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I wish to find the function, $T(x,y)$, on the unit square that satisfies Laplace's equation,

$$ \nabla^2 T = 0, \text{ in } \Omega = [0,1]^2, $$

with Dirichlet boundary conditions in $y$ and periodic in $x$, i.e.

\begin{align} T(x,0) &= 1 + A\sin{\left( n2\pi x \right)}, \\ T(x,1) &= 0, \\ T(0,y) &= T(1,y) \end{align}

What I have tried so far

First Attempt

I attempted to solve the above using separation of variables. I.e., by setting $T(x,y) = X(x)Y(y)$, which (I think) translates the boundary conditions to \begin{align} Y(0) &= 1, \\ Y(1) & = 0, \\ X(x) &= 1 + A\sin{\left( n2\pi x \right)} \end{align} and reduces the problem to the ODEs \begin{align} \frac{d^2Y}{dy^2} = \lambda^2 Y, \quad \frac{d^2X}{dx^2} = -\lambda^2 X. \end{align} It is easy enough to find a solution for $Y$, but for $X$, $X(x) = 1 + A\sin{\left( n2\pi x \right)}$ is clearly not consistent with $\frac{d^2X}{dx^2} = -\lambda^2 X$

Second Attempt

I set $T(x,y) = \tilde{T}(x,y) + \phi(x,y)$. I let $\phi$ deal with the inhomogeneous boundary conditions, i.e. set $$ \phi = \left(1 + A\sin{\left( n2\pi x \right)} \right)\left(1-y \right). $$ In this set-up, the problem for $\tilde{T}$ is $$ \nabla^2 \tilde{T} = A\left(2\pi n \right)^2\sin{\left( n2\pi x \right)}(1-y), \text{ in } \Omega = [0,1]^2, $$ with periodic boundary conditions in $x$ and homogeneous boundary conditions in $y$. Perhaps this is an easier problem to solve?

Is my problem ill-posed? Have I made a mistake above? Or is there another approach I should take? Grateful for any input and guidance!

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2 Answers 2

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Hint: Try expressing the solution in a Fourier series in the $x$ variable:

$$T(x,y)=\sum_{n=-\infty}^\infty T_n(y)e^{i2\pi n x}$$

This automatically guarantees the periodicity condition $T(0,y)=T(1,y)$. Now apply the Laplace operator and derive an equation for the $T_n$. They should be completely determined by your other boundary conditions. Can you finish from here?

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  • $\begingroup$ Thanks for the answer! But with this, I think you stumble upon a similar problem as the one mentioned in my comment to Disintegrating By Parts answer. For the $T_l$'s ($T_n$ in your answer), we require $$ T_l''(y) = (2\pi l)^2 T_l(y)\, \rightarrow \, T_l(y) = B_l e^{2\pi l} + C_l e^{-2\pi l}. $$ Consider now the $l=0$ case. At $y=1$, $T(x,1) = 0$, so $$B_0 + C_0 = 0.$$ But at $y = 0$, $T(x,0) = 1 + A\sin{\left(2\pi nx \right) }$, so $$ B_0 + C_0 = 1. $$ A contradiction! That said, please correct me if I'm wrong... $\endgroup$ Commented Oct 13, 2022 at 19:17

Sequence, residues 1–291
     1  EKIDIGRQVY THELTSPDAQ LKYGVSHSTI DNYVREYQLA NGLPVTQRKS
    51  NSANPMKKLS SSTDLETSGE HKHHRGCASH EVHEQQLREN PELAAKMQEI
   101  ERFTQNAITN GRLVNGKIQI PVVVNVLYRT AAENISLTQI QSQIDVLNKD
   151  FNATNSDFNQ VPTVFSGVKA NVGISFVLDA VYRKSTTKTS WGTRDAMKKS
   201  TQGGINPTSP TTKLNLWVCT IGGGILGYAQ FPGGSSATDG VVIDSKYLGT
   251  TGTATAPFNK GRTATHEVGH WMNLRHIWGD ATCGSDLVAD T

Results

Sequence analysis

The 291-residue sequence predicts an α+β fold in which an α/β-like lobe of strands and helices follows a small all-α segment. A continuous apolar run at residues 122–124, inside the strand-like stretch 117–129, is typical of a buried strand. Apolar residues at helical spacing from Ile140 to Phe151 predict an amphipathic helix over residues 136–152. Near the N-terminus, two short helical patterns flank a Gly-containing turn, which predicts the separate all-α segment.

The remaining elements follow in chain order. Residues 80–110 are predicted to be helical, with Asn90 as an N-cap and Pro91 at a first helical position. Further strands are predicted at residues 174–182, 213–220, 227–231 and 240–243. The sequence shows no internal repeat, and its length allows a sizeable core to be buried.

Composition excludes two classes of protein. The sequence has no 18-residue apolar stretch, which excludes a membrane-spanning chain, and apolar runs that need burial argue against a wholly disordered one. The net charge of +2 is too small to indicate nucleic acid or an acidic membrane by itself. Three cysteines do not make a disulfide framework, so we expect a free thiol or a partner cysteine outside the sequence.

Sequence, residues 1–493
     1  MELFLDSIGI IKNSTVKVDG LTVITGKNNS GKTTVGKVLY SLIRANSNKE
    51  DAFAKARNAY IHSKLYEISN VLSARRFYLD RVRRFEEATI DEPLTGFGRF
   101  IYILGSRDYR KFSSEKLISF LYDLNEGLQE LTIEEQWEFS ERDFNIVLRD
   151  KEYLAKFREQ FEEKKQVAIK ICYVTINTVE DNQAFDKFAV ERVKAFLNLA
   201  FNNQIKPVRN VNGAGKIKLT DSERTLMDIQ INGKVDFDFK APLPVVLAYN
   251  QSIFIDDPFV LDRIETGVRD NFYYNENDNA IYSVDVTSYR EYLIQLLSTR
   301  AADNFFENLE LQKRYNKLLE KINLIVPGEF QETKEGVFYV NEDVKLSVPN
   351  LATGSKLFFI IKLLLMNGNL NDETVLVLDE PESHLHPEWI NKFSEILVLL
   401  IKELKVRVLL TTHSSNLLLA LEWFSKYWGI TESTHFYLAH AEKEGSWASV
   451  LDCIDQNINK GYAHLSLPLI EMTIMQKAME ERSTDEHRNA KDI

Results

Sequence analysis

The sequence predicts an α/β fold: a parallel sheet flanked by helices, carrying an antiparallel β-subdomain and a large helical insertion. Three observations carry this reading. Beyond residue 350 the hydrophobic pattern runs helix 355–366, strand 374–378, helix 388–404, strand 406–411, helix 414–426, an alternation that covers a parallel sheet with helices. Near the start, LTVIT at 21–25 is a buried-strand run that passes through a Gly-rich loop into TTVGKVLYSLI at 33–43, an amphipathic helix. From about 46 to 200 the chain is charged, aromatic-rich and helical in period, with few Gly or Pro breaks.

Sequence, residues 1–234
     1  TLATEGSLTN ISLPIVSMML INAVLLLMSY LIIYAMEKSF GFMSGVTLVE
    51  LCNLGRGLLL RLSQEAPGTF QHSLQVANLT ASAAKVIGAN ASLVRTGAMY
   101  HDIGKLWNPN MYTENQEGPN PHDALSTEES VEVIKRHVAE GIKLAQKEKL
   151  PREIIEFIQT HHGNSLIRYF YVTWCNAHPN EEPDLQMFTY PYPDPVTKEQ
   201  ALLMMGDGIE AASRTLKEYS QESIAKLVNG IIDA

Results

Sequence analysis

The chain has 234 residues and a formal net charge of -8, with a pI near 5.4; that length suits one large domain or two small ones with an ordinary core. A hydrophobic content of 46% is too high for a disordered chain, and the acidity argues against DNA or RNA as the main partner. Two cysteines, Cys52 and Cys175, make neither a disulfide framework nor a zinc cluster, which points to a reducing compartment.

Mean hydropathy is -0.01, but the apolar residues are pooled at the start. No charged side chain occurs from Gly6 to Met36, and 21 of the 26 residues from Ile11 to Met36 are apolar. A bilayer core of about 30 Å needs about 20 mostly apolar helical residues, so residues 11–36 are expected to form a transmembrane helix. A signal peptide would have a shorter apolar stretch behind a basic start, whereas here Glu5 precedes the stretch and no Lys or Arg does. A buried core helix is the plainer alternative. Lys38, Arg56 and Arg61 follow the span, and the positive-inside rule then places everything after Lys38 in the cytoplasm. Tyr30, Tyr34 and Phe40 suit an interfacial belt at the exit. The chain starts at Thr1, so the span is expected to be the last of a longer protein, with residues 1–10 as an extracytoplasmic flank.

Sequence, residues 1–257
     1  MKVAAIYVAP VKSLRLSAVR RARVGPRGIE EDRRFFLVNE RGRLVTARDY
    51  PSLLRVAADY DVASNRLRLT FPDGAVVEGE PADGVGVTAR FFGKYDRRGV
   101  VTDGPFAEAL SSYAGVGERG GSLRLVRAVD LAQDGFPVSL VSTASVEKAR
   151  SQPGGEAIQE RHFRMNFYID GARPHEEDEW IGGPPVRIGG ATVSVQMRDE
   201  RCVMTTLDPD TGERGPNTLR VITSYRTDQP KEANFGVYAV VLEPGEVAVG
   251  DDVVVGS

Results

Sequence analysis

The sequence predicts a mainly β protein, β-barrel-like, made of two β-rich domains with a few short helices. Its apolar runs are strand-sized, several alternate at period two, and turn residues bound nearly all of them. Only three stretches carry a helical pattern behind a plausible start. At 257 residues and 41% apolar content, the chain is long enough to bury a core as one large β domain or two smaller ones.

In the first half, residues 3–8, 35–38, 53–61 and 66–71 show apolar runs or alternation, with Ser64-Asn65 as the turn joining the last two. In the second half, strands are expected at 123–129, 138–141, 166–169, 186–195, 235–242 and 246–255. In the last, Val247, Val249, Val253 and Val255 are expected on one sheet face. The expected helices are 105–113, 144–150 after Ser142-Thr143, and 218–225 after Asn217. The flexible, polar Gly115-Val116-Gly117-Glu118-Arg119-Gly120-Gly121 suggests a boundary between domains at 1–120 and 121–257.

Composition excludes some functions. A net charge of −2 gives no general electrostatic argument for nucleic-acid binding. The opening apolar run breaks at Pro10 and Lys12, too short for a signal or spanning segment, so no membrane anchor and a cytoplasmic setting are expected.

• $\begingroup$ Got it. We simply set $$ T_0(y) = (1-y). $$ Then, we arrive at the solution $$ T(x,y) = (1-y) + A\sin{\left(2\pi n x \right)}\left(B_n e^{2\pi ny} + C_n e^{-2\pi ny} \right), $$ where, $$ B_n = \frac{1}{1-e^{4\pi n}}, \,C_n = \frac{1}{1-e^{-4\pi n}}. $$ $\endgroup$ Commented Oct 13, 2022 at 21:10
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This problem is built for separation of variables. Assume solutions of the form $X(x)Y(x)$ and separate variables: $$ X''(x)Y(y)+X(x)Y''(y) = 0 \\ \frac{X''(x)}{X(x)} = -\frac{Y''(x)}{Y(y)} \\ \frac{X''(x)}{X(x)}=\lambda,\;\;\lambda=-\frac{Y''(y)}{Y(y)} $$ The functions $X$, $Y$ must satisfy these homogeneous conditions: $$ X(0)=X(1),\;\; Y(1)=0. $$ The periodic solutions in $x$ have the form \begin{align} X_0(x) &= B_0 \\ X_n(x) &= B_n\cos(2n\pi x)+C_n\sin(2n\pi x), \;\; n=1,2,3,\cdots \end{align} These dictate the permissible values of the separation parameter $\lambda$: $$ \lambda_n = -4n^2\pi^2,\;\; n=0,1,2,3,\cdots. $$ For $n=0$, the $\sin(4n\pi x)$ term drops out. Because $Y(1)=0$ must hold, the corresponding solutions in $y$ are scalar multiples of $$ Y_n(y)=\sinh(2n\pi (y-1)). $$ Therefore, the general solution is $$ T(x,y)=B_0+\\ \sum_{l=1}^{\infty}\{B_l\cos(2l\pi x)+C_l\sin(2l\pi x)\}\sinh(2l\pi(y-1)) $$ The constants $B_l,C_l$ are determined by the required edge condition through a Fourier series in $x$: $$ 1+A\sin(2n\pi x)=T(x,0) \\ =B_0-\sum_{l=1}^{\infty}\{B_l\cos(2l\pi x)+C_l\sin(2l\pi x)\}\sinh(2l\pi) $$This condition is a straightforward Fourier series equality which is solved by matching Fourier coefficients on the left with those on the right.

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  • $\begingroup$ Thanks for the answer! Given $T(x,1) = 0$, we have $B_0 = 0$. Since $T$ is periodic in $x \in \left[0,1 \right]$, we have $B_l=C_l=0$ when $l$ is odd. So we are left with equating Fourier coefficients for $$1 + A\sin{\left( 2n\pi x\right)} = -\sum_{l=1}^\infty \{B_{2l} \cos{\left(2l\pi x \right)}+C_{2l} \sin{\left(2l\pi x \right)}\} \sinh{\left( 2l\pi \right)}.$$ We have that $$B_{2l} \propto \int_0^1 \left[1 + A\sin{\left( 2n\pi x \right)}\right] \cos{\left(2l\pi x \right)}\, dx,$$ and similarly for $C_{2l}$. Meaning all coefficients apart from $C_{2n}$ are $0$. This can't be right? $\endgroup$ Commented Oct 13, 2022 at 15:41
  • $\begingroup$ @PhilipWinchester : Thank you. I don't post much here anymore. I think I have fixed my errors. $\endgroup$ Commented Jun 25, 2023 at 22:54

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